Considering the operative Confucian ethic of 'righteousness' 義 guiding Lord Guan Yu's decisions, how is Guan Yu able to rationalize his seemingly vain decision to spare the life of Cao Cao, given that this decisions appears to stand in direct contravention to Guan Yu's obligatory Confucian duty as ruler (君) to act only in the interest of his subjects (臣), lest he give up the 'Mandate of Heaven' (天命)? Given the subsequent collateral damage, was this decision consistent with the Confucian ethic of 'righteousness'? Why or why not?

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Guan Yu, a great warrior renowned for his bravery, had temporarily committed to serve Cao Cao. His decision was largely based on protecting the family of Liu Pei, his “sworn” brother, to whom he owes a more lasting bond of service. Although Cao Cao is his inferior in social status and, generally, in behavior, they share a belief in the importance of generosity. When Guan Yu sees it is necessary to repay Cao Cao’s generosity, he does so by slaying Cao Cao’s rival. Once this repayment is made, he decides to return to Liu Pei. Cao Cao stops his troops from following Guan Yu as they had wanted to do.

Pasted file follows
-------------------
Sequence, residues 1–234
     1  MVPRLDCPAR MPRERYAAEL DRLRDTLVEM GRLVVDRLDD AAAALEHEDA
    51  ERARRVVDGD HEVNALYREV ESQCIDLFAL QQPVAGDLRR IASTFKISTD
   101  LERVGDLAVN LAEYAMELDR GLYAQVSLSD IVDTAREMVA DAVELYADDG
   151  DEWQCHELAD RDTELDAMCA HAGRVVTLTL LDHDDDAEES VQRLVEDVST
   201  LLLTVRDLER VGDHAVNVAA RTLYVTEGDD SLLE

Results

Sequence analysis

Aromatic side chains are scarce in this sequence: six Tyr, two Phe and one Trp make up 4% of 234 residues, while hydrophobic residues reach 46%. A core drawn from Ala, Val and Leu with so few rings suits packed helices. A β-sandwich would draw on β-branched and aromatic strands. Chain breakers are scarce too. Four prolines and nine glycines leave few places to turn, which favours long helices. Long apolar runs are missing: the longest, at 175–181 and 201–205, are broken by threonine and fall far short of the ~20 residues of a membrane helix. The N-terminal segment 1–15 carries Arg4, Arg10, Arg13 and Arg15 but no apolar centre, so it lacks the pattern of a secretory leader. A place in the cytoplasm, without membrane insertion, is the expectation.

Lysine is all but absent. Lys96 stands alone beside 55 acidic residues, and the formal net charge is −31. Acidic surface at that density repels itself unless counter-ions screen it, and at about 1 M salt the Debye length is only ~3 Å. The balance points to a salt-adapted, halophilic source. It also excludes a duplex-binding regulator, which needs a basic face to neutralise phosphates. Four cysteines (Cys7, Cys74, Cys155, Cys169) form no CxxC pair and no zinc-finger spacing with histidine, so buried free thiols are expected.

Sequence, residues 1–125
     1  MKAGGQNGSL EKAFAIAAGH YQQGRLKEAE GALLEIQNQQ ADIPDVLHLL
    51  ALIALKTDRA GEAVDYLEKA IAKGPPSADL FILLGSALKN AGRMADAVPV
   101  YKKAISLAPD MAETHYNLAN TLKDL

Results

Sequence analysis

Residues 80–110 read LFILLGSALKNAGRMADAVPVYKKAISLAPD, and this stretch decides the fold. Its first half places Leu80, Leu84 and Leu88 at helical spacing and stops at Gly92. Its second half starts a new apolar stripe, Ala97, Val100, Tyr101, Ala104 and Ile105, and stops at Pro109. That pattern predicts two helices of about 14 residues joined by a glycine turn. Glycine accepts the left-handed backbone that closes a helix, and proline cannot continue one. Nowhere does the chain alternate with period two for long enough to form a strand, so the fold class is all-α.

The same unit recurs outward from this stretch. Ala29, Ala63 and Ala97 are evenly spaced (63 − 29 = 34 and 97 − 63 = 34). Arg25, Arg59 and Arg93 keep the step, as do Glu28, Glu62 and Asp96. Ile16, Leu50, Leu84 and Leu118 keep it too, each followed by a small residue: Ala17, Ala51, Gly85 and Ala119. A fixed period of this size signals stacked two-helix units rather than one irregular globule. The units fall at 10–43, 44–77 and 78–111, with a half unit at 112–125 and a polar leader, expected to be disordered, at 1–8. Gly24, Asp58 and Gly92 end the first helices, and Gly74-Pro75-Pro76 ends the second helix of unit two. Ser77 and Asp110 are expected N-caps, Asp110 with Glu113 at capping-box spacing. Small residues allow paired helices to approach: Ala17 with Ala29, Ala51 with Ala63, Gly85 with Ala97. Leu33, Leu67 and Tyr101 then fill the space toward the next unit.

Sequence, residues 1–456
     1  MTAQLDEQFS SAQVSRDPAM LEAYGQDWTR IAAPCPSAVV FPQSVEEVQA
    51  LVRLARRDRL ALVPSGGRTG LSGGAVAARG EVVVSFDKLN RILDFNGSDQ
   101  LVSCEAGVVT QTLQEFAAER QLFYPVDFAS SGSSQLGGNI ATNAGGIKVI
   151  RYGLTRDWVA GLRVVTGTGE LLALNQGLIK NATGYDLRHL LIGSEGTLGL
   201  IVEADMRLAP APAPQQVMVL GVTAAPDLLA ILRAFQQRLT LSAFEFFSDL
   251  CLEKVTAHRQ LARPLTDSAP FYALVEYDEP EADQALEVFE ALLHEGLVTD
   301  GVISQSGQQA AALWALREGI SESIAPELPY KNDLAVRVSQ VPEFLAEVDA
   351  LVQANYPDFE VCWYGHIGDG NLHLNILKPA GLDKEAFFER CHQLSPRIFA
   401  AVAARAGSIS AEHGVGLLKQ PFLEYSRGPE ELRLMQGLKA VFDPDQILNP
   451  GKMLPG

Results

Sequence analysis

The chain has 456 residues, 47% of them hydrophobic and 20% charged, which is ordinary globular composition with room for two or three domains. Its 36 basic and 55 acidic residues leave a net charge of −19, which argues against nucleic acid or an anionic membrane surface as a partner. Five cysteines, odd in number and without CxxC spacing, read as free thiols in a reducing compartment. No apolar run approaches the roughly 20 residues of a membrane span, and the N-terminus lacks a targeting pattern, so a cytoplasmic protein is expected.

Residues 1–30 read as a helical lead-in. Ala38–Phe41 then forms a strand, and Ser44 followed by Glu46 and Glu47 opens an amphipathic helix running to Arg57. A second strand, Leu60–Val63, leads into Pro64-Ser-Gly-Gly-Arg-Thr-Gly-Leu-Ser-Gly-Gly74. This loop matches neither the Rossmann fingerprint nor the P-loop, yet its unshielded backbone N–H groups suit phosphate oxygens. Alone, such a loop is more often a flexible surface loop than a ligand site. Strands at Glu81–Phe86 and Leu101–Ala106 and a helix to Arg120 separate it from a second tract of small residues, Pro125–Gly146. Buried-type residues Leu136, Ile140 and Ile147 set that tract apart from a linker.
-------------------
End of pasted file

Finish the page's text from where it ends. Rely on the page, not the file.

Later, however, the two men face each other in battle at the Red Cliff, and Guan Yu defeats Cao Cao. In tribute to this ethos of generosity and recalling that Cao Cao had earlier allowed him to depart, he spares the vanquished man’s life. Although some of the repercussions did threaten his people’s interests, his decision was based in his own sense of righteous conduct and thereby served as model behavior for them, thus in the long run serving their interests and not violating his obligation.

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